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updated 1/9/2015 9:15:58 AM ET 2015-01-09T14:15:58

From how people deal with their deepest, darkest thoughts to the experience of living in a world without fear, a new podcast explores the hidden forces that shape human behavior.

Called "Invisibilia" — Latin for "invisible things" — the show, told with engaging anecdotes through a scientific lens, is about the powerful effect that thoughts, ideas, beliefs and feelings have on people's lives.

Hosted by Alix (pronounced Ah-LEES) Spiegel and Lulu Miller, contributors to the popular radio programs "This American Life" and "Radiolab," the show is produced by National Public Radio. [ 5 Ways Your Emotions Influence Your World (and Vice Versa) ]

"It's really about people, but it has this backbone of science," Miller told Live Science.

For example, the first episode is about whether people's thoughts reveal who they really are. Listeners will hear from a man who is plagued by violent thoughts about his wife and family, and about another man who is trapped inside his own body.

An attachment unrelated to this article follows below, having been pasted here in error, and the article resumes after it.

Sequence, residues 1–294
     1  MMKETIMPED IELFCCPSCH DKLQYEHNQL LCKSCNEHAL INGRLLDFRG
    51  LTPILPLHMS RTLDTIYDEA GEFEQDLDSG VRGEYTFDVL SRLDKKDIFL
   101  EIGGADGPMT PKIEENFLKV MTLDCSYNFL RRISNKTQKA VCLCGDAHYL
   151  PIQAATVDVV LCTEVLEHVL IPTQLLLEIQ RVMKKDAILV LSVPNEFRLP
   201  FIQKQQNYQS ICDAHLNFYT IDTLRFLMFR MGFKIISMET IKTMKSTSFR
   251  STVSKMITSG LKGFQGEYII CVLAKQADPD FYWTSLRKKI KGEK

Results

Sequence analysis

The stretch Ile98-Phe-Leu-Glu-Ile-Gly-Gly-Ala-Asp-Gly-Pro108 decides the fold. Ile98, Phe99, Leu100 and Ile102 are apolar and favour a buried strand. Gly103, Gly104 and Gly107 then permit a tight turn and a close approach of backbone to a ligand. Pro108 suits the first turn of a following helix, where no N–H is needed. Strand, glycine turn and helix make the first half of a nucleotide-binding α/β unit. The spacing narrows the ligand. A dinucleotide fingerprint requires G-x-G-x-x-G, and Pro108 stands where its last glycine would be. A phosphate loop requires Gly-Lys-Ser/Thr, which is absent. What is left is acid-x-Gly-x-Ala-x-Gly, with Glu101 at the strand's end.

An episode on fear features the story of a woman who has a rare condition that makes her incapable of feeling fear. The case has been written about for decades, but researchers have guarded the woman's identify, for fear that people may take advantage of her. Spiegel and Miller explore what it means to live in a world without fear, and ask the question, could everyone survive in such a world?

Another episode explores the role that expectations play in shaping people's performance. Expectations can make a student score higher on a test or make a soldier run faster, but can they make a blind man see? You'll have to listen to the show to find out.

Then, there's the story of a woman who experiences everything happening to those around her as if it were happening to her. "If a person puts food in their mouth, she'll feel it in hers," Spiegel told Live Science.

"At the end of the day, we often talk to people [who represent] a very extreme case," Miller said. "But the reason we're talking to them is that it's sort of a version of what we all experience."

The pilot season of " Invisibilia " features six episodes, each about an hour long. The show premieres today (Jan. 9) on NPR and will also be available as a podcast. Excerpts from the show will be featured on NPR's "Morning Edition" and "All Things Considered."

© 2012 LiveScience.com. All rights reserved.

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